Think of a time you were really into a subject – cars, story writing, an art project, music, building a Lego structure as a kid. Were you actively engaged? With your heightened curiosity, did you seek out more about the subject or activity? I’m guessing so. And when we consider this with students today – when they are actively engaged, what they learn and retain skyrockets. 

Active education captures a child’s imagination and keeps them focused and attentive long enough to facilitate deep and meaningful learning. It’s, well, active.

Active education can inspire a student to love what they are learning, and dive in deeper and deeper, hungry to learn more. Once a child’s imagination is activated through active education, there really is no limit to what they can learn, what they can discover, and what they can achieve.

Passive education, on the other hand, doesn’t engage a student’s imagination. When information is one-directional, from teacher to student, it doesn’t hold their attention or inspire meaningful understanding. Some examples of passive education include:

  • Lectures, in person or via Zoom

  • Science demonstrations – whether performed on a YouTube video or in person with a teacher or in a science magic show

  • Worksheets

  • Fill-in-the-blank activity books

  • Many science kits

Even reading a book is passive – because the student is not creating their own story but reading the thoughts, ideas, and imagination of the author.

These activities are passive because information is being presented to the student, and maybe the student is required to memorize that information, but rarely is the student actively engaged in testing, exploring and challenging that information. And yet, these activities are continually hailed as “educational” and because of this students sit bored in classrooms and in front of computer screens pick up a few tidbits of information, here and there but mostly unable to learn or retain very much information once the class is over.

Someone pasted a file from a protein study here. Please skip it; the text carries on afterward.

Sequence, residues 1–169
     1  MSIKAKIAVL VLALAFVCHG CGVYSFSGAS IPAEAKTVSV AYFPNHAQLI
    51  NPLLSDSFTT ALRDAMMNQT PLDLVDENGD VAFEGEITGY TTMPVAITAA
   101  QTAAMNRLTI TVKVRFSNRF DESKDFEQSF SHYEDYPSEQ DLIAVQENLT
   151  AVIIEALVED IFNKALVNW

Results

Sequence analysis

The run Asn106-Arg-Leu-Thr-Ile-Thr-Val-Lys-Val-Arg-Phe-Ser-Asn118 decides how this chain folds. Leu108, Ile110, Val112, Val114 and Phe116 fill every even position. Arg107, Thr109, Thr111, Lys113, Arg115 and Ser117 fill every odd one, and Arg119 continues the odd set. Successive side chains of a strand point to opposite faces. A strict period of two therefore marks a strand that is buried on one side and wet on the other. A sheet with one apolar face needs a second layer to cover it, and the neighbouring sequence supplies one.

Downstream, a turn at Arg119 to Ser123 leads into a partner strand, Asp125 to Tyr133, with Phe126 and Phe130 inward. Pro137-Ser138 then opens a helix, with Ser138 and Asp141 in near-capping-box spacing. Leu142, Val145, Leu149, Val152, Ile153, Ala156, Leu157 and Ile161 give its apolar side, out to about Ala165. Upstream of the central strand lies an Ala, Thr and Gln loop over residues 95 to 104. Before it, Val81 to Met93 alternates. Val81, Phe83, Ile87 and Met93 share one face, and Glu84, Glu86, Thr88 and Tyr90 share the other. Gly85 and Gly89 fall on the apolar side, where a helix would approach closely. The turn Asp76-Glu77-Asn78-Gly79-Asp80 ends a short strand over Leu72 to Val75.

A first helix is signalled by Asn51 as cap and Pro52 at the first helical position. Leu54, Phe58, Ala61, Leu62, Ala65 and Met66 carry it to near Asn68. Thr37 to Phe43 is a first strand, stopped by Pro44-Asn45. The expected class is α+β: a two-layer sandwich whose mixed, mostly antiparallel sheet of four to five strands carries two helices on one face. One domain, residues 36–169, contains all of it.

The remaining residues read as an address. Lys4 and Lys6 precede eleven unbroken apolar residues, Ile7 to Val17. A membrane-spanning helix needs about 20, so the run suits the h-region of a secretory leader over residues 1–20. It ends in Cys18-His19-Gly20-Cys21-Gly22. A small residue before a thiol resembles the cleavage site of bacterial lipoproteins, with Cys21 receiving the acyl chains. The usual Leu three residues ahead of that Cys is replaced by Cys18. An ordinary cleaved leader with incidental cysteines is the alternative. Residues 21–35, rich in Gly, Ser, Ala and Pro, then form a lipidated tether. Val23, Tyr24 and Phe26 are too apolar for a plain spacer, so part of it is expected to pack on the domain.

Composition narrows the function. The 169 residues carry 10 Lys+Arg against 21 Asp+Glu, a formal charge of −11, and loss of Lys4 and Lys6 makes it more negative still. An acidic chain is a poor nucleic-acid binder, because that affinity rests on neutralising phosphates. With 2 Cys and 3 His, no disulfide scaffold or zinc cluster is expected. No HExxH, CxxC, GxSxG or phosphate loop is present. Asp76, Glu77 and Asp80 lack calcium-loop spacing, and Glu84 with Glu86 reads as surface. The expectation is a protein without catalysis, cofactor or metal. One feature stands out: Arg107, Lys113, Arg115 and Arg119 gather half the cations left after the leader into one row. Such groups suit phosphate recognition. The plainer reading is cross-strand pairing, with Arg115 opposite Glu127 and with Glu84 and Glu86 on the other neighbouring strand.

How much do you remember from high school, or college, or even last week’s 3-day Zoom conference?

What does active education look like and how can we make it more available to all students? Active education is actually quite simple, but because we don’t do it very often, it can seem hard or intimidating at first. The lectures, science demonstrations, worksheets, and books are all ways to get a child’s interest piqued, but without some active educational activity to explore, learning doesn’t truly take place, and information is not retained.

  • To engage students actively, encourage challenges, questions, and ask students to imagine their own ideas about the information they’ve just heard.

For example, if a child sits through a lecture on atoms, they may know the word atom and they may remember a couple of facts, but if they are asked to write 5 of their own questions about atoms, or if they are asked to explore what atoms mean to them, or what they would like to learn about atoms, or if they are encouraged to create their own experiment about atoms, or write a play or do a video, they become engaged in the learning process, exploring their own ideas.

This can feel challenging at first because kids are not used to asking their own questions and exploring their own ideas, but getting into a rhythm with it can open a new world of possibilities. Parents and teachers can discover that actively engaging students through their own thoughts and play doesn’t lead to chaos – it helps students learn and discover even more than just lectures, books and worksheets.

The last step of RATATAZ – Talk, Tell and Dazzle – is a great way students can retrieve what they’ve learned. And then we are inspiring active education! Active science, active STEM, active students!